USS Montauk

USS Montauk

Union Monitor

Builder: John Ericsson at Continental Iron Works
Laid down:
Launched: 9 October 1862
Commissioned: 14 December 1862
Decommissioned: March 1899
Fate: sold, 14 April 1904

General Characteristics
Type: Monitor
Area of Operation: South Atlantic Blockading Squadron
Displacement: 750 long tons (760 t)
Length: 200 feet (61 m)
Beam: 46 feet (14 m)
Draft: 10 feet 6 inches (3.20 m)
320 ihp (240 kW)
1 × Ericsson vibrating lever engine
2 × Martin boilers
1 × shaft

Speed: 7 knots (8.1 mph; 13 km/h)
Complement: 75 officers and enlisted
1 × 15 in (380 mm) smoothbore
1 × 11 in (280 mm) smoothbore

Side: 3–5 in (7.6–13 cm)
Turret: 11 in (28 cm)
Pilothouse: 8 in (20 cm)
Deck: 1 in (2.5 cm)

The first USS Montauk was a single-turreted monitor in the United States Navy during the American Civil War.

It saw action throughout the war and was used as the floating prison for the conspirators in the Abraham Lincoln assassination and was the site of the autopsy and identification of assassin John Wilkes Booth.

Montauk (named for Montauk, New York) was built by John Ericsson at Continental Iron Works, Greenpoint, Brooklyn; launched on 9 October 1862; and commissioned at New York on 14 December 1862, Commander John L. Worden in command.

A principal ironclad in the naval attack on Charleston, South Carolina, Montauk departed New York on 24 December 1862, arriving Port Royal on 19 January 1863 to join the South Atlantic Blockading Squadron. Taking advantage of the opportunity to test the ironclads on 27 January, Rear Admiral Samuel F. Du Pont sent Montauk, Seneca, Wissahickon, Dawn and C. P. Williams to bombard Fort McAllister, Georgia. Although hit 13 or 14 times, Montauk was undamaged. The ironclads made a second attack on 1 February, badly battering the fort; but Montauk was hit 48 times. She destroyed blockade runner Rattlesnake on 28 February in Ogeechee River but was herself damaged by a torpedo (mine) which exploded under her.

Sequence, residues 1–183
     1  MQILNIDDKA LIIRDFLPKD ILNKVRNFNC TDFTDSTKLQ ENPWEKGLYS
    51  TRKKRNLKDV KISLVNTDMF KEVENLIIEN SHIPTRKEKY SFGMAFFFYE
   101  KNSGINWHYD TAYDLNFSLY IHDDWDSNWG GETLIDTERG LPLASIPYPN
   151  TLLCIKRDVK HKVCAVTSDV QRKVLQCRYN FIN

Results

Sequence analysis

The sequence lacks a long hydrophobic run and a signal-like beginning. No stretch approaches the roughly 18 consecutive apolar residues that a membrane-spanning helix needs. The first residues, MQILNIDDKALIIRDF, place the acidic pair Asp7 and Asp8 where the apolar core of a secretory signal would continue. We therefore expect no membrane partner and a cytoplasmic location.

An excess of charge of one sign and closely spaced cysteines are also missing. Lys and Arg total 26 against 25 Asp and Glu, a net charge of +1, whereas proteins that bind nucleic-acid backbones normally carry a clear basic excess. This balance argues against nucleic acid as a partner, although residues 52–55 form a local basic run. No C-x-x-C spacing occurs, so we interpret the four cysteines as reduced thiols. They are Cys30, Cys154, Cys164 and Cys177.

Montauk steamed into North Edison River on 1 April in preparation for the attack on Charleston. At midafternoon on the 7th, Admiral Du Pont’s ironclads attacked Fort Sumter. The Union ships braved intense fire from Confederates coast artillery, and kept their own guns operating effectively until withdrawing toward evening. Damage to the monitors prevented Du Pont from resuming the attack the next day.

The ironclads launched an attack on Fort Wagner, Morris Island on 10 July. Gaining of this island was important as success would permit access to the interior defenses of Charleston Harbor. Assuming command of the naval forces, John Dahlgren boarded Montauk on 16 July and after consultation with the captains, renewed the attack on Fort Wagner and bombarded it daily until it was evacuated by the Confederates on 6 September. The ships then turned their attention to Fort Sumter and Fort Moultrie operating for the rest of the year against these fortifications which guarded the Cradle of the Rebellion. However, the Confederate works were never to be taken by sea.

Montauk remained off Charleston until July 1864, when she shifted operations to the Stono River. In February 1865, she transferred to the Cape Fear River. Proceeding to the Washington Navy Yard after the end of the conflict, she served as a floating bier for assassin John Wilkes Booth on 27 April and a floating prison for six accomplices.

Decommissioning occurred at Philadelphia, Pennsylvania in 1865. She remained there until sold to Frank Samuel on 14 April 1904, except for a stint from May 1898-March 1899, when she served with a crew primarily of local naval reservists to protect the harbor of Portland, Maine during the Spanish-American War.

List of Commanders/Crew
Commander John L. Worden

Painting Information

Books/Articles and other resources
Short History of the Civil War at Sea

(Montauk on right)

Back to Union Monitors


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